The first day of competition is always the most exciting for the Red Cell Hackers and the most stressful for the Blue Cell Defenders. Palms sweat and knees bounce in anticipation as both Attacks and Defenders wait for the clock to announce the start of the competition. The Red Cell Hackers silently grin at each other, as they know the first day almost always ends in their favor. This is where the hackers dig into poorly configured and vulnerable systems, using a barrage of tools and techniques including Metasploit, w3af, and custom scripts developed by the hackers specifically for this event. The primary goal of the attackers is to establish "persistence" on as many systems as possible before the defending teams are able to adapt and effectively defend their systems. The Red Cell Hackers use many techniques to obfuscate their presence in the systems they compromise. This technique requires the Blue Cell defenders to have a keen eye toward identifying abnormal accounts, behaviors, and files on their systems. Once they've identified an intrusion, the Blue Cell teams must figure out how to extract the malware and repair any backdoors embedded into their systems. These invaluable skills will be an asset to students as they pursue a career in information security.
High-Tech Badges and Equipment
Another unique twist to this year's Mid-Atlantic CCDC competition was the use of XBee 802.15.4-compliant radio-enabled badges. Each competitor was required to wear a badge during the competition, and each badge acted as a power meter, similar to those used in industries and consumer's homes to track and monitor power consumption. For the competition, the XBee badges represented power nodes, integrated into the Smart Grid power systems that each team was required to manage and protect. The badges were configured to emit a predetermined amount of power usage at regular intervals. The power usage was transmitted and collected by back-end infrastructure, and then tallied and scored for each team's environment. A team's power usage represented a critical element to its overall success. If a team's Smart Grid infrastructure reported that its system was utilizing too much power, the team's score would take a hit. The goal of these intelligent badges was to simulate some of the components that make up a Smart Grid infrastructure, immersing students into the game play of regulating power usage, as they must ensure that no abnormal activity existed.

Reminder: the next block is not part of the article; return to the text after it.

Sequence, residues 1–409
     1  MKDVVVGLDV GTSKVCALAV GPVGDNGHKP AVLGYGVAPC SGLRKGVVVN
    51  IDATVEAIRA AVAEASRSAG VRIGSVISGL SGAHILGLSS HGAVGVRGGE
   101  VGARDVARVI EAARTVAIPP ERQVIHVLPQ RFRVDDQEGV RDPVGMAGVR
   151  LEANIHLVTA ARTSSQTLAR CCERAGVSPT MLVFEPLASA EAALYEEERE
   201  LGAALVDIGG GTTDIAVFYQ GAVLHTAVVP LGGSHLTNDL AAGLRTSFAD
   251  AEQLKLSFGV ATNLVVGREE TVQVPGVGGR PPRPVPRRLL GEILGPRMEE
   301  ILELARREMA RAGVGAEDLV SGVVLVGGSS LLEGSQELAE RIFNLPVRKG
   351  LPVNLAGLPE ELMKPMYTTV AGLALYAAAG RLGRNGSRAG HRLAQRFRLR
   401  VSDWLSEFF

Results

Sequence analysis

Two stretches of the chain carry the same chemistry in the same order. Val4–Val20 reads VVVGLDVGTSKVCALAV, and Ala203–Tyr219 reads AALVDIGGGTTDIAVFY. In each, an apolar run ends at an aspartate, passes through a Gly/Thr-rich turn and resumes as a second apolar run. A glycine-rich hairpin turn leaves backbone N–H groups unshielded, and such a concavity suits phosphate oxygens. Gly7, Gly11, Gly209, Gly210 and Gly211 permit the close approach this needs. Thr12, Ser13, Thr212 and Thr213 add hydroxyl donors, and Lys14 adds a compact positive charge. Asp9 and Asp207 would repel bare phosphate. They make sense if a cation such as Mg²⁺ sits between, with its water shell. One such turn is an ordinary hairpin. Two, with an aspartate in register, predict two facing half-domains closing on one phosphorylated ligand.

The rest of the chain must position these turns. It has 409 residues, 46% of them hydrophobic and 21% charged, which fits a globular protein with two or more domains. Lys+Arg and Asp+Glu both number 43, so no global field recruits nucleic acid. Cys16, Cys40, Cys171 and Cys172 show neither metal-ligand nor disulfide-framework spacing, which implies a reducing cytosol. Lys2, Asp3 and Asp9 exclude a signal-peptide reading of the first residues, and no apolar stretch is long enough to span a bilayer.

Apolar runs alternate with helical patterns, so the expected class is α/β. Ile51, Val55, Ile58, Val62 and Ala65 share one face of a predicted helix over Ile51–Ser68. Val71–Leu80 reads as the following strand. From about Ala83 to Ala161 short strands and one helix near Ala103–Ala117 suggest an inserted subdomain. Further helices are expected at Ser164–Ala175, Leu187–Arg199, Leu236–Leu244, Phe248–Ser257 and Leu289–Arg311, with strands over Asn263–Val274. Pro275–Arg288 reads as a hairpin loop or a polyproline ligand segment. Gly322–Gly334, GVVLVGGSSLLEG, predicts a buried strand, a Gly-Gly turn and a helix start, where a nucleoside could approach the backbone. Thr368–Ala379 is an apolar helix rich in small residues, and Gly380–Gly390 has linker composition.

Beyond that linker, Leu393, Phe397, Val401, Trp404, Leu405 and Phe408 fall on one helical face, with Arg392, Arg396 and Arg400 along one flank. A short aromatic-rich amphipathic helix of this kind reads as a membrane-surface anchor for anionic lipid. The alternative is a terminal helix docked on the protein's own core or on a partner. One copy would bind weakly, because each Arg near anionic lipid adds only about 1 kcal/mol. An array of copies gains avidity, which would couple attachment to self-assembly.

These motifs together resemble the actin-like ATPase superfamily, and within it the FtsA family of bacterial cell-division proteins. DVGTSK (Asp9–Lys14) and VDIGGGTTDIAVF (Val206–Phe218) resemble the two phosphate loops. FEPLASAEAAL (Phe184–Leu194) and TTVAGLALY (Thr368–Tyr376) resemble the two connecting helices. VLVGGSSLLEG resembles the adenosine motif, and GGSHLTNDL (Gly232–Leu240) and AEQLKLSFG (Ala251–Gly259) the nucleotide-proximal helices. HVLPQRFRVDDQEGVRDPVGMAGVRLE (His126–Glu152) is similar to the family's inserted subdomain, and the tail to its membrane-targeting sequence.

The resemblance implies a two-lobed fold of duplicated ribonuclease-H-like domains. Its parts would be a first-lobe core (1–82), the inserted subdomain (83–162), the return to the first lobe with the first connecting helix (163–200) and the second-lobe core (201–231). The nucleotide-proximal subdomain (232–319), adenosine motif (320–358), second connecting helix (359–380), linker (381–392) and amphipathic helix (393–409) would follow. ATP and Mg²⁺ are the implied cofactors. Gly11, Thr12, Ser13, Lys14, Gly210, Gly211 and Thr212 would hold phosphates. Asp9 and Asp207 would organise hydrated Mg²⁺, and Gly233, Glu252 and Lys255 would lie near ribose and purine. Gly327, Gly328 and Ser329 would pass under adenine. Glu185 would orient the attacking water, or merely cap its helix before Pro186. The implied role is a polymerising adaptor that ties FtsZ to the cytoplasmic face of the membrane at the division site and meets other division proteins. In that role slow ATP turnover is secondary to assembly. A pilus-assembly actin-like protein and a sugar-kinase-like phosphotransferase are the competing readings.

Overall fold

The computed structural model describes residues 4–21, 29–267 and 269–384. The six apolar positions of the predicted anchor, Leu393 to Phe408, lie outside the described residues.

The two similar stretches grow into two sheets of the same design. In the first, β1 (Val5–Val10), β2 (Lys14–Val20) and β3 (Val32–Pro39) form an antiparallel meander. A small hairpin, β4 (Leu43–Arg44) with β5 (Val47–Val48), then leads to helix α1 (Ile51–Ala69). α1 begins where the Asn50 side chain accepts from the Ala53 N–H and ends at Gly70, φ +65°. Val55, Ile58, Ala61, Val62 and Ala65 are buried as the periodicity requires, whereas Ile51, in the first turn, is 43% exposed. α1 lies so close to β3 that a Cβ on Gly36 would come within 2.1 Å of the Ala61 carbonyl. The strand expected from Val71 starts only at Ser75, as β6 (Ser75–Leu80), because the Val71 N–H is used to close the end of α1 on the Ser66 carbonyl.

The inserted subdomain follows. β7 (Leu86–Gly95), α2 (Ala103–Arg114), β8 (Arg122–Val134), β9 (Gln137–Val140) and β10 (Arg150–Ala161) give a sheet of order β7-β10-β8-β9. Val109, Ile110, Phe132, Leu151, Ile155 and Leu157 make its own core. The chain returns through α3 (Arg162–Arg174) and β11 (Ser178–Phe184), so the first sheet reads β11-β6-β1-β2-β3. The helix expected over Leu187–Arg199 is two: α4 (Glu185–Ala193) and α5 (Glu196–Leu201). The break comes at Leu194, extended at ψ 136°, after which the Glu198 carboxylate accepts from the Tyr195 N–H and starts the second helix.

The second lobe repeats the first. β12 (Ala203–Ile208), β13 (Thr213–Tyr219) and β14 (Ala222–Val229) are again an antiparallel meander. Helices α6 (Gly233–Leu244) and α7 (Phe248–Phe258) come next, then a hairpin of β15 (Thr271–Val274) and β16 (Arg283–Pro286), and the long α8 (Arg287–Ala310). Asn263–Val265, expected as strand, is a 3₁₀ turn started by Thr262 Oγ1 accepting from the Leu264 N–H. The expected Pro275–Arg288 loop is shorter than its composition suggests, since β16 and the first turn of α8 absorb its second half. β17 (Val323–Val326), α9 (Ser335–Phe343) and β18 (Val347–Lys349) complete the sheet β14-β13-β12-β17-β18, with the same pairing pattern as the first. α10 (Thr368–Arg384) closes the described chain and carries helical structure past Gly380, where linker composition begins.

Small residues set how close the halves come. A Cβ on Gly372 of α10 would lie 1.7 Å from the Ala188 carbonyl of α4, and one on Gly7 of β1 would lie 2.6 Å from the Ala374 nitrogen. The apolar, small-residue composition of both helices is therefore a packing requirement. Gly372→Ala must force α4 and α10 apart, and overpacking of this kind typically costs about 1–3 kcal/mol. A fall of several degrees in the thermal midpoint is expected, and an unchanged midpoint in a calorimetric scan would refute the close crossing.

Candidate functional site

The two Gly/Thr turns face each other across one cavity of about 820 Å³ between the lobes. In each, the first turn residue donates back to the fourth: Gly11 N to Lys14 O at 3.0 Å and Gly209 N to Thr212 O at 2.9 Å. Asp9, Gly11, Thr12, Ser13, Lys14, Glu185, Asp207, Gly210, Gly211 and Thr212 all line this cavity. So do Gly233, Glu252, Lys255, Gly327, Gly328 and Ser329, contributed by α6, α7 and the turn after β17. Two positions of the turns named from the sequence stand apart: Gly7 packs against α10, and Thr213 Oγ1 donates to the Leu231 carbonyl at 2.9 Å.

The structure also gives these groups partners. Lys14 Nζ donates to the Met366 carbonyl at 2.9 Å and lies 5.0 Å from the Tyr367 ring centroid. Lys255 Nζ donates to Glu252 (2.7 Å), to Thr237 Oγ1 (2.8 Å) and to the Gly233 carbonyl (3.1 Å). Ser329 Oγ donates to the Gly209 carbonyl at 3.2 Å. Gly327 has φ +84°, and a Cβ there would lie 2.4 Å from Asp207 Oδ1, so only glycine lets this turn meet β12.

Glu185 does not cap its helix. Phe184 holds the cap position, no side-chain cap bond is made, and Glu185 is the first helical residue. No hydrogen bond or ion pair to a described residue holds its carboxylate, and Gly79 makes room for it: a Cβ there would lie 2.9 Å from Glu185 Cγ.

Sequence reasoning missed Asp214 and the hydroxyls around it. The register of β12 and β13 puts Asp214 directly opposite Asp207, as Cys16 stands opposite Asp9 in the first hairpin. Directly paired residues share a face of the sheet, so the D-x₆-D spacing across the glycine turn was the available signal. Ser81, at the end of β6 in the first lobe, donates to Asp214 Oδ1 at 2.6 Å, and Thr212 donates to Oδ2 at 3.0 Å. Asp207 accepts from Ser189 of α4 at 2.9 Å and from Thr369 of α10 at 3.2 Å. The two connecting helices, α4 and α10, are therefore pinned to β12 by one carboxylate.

Cracking the Badge
It didn't take long for the Red Cell Hackers to discover the inner workings of the XBee badges and start to manipulate not only the badges themselves, but the back-end infrastructure that was used to support the Smart Grid system. Like the competing students, each Red Cell Hacker was given an XBee 802.15.4 radio consisting of an Arduino Duemilanove clone microcontroller with an integrated XBee radio. The Hackers discovered that each radio was assigned a unique address, mimicking XBee radios commonly used in consumer applications.
The hackers were able to determine that the radios assigned to the competing teams were configured to use the same channel and network (known as a universal identification, or PAN ID). This design provided the hackers with a foothold to manipulate not only the Blue Cell's badges, but to craft attacks against the back-end infrastructure that each team depended on to assess its power usage. The hackers reconfigured their badges to mimic those owned by competing team members. With the badges cloned, the hackers had complete control over the power usage of those hacked badges and could dramatically increase the power usage of their competitors' badges.
As teams began to notice significant increases in their power consumption, they devised defense strategies for protecting their badges. In an example of a high-tech cat-and-mouse game, the Blue Cell teams changed their badges' addressing, and in some cases even started to send negative values to lower their power-consumption scores. In the exchange of attacks and defense, the hackers escalated the stakes by creating custom code that converted their badges into a denial-of-service (DoS) Smart Grid attack platform. The hackers changed the configuration of the XBee devices to cover all possible addressing combinations and then proceeded to send maximum power usages to their opponents. During this exchange, students learned a valuable lesson that often takes security professionals years to understand—that it's not always possible to defend against all vectors of attacks. Sometimes the best solution is simply to mitigate the risk, rolling with any attacks that might happen.